However, he says that things are not the same as they were before Covid-19. “Even now, as lockdown restrictions have been eased, people are still not comfortable to come and eat and drink like they used to.”

Because of this fear, combined with curfew and social distancing restrictions, the restaurant isn’t attracting the foot traffic it used to. “We are supposed to close at 2am, now we’re closing at 12pm. That takes away a large part of our customer base.”

During the earlier levels of trade restrictions, when the restaurant closed at 10pm, all the money they made during the day would go to operational costs. “But I’m proud that we are still operational, because quite a number of places in the area have closed down because of Covid-19.”

New year, new Sunset Lounge
Innocent is in the process of giving the Sunset Lounge a complete facelift to try and broaden its customer base by attracting premium clients. He says that, after the hard lockdown, the restaurant started to look a bit worse for wear, as they weren’t able to maintain it the way they used to. “At the moment, people are looking at the place and the image doesn’t correspond with the value of the food. So, I want to revamp the building.”

After visiting a couple of other restaurants and taking notes about what worked and what he would like to implement in his own restaurant, Innocent went to one of his friends who works in construction to ask for advice. The friend referred him to someone who could make the furniture he wanted and introduced him to a designer and architect who could draw up the plans he needed.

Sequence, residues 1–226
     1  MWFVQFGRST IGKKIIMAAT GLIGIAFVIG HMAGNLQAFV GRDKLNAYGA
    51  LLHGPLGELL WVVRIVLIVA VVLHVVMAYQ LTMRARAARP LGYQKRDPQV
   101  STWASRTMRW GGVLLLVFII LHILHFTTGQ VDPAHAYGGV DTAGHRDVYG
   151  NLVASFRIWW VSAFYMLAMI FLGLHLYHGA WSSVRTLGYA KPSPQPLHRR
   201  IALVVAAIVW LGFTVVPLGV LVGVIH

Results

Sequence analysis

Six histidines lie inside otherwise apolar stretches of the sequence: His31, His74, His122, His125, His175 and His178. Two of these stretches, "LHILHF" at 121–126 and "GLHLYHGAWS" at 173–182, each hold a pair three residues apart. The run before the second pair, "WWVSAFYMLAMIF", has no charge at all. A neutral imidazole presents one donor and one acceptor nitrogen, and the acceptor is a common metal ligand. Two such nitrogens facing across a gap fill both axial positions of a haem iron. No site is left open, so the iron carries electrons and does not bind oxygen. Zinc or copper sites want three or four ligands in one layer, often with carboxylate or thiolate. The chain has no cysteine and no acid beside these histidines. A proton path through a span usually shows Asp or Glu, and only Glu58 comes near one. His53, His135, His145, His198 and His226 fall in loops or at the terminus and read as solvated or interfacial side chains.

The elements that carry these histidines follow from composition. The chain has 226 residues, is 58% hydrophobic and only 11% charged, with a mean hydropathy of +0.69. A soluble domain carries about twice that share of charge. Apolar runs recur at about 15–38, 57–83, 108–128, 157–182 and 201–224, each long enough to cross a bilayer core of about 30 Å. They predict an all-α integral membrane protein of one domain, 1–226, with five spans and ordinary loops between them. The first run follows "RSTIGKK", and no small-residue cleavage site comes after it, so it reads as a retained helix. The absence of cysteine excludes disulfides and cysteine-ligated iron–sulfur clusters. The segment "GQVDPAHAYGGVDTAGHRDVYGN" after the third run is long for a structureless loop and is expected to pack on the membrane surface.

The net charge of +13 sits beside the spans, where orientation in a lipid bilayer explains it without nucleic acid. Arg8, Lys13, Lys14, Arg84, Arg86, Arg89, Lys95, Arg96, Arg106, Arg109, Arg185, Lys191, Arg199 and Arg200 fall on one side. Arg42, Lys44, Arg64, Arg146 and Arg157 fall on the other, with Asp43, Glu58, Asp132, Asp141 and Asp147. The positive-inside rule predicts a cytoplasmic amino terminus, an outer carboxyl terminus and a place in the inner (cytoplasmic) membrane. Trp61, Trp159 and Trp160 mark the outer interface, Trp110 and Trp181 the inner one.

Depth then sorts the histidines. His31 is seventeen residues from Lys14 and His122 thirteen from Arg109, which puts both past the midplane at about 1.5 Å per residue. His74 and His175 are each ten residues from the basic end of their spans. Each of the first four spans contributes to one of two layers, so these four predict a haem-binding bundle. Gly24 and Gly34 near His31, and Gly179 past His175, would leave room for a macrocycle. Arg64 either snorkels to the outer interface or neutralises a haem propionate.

The renovations were to begin in November, but Innocent has had to delay them to keep the business running. “With the time we lost during Covid-19, we can’t afford to be closed for the time it takes to renovate.”

One of the key designs Innocent has changed is to install a counter area with power points where people can sit and work during the day. “Because of Covid-19, people are working from home. It will be a nice change of scenery for them.”

Public vs Private sector
Innocent explains that running a restaurant is a completely different experience from working in the private sector. “The public sector is very rule-based and you can’t always implement your own ideas with ease. I wanted something that I could have total control, be independent and break all the rules.”

He says that, in finance there is a rule that you can’t do creative accounting. “There’s no such thing as creative accounting as you have to account based on facts and figures.” But when you own a restaurant, you have to be creative to make it work.

Innocent says that, despite all the many stresses that comes with working in the public sector, it’s more stressful to run your own business. “It requires a higher level of commitment and care, and the direct impact of its failure falls on you.”

He adds that, when money gets tight at the restaurant, there are still employees’ salaries and other major costs to cover, and you have to come up with the money yourself.

Innocent says that, at some point, he will leave the public sector and focus on other business interests. But for the time being, he still has passion for the profession and would want to move into the private sector to gain different experiences. “As an accountant, I am very risk averse. Everything is calculated and you always have to think of ‘what if something goes wrong?’”

He explains that the restaurant has complemented his work and decision making at the QCTO, as well as helped him to cope with the pressures. “I’ve learnt how important patience and tolerance are, because sometimes you have to deal with people that get intoxicated, who have bills and refuse to pay.”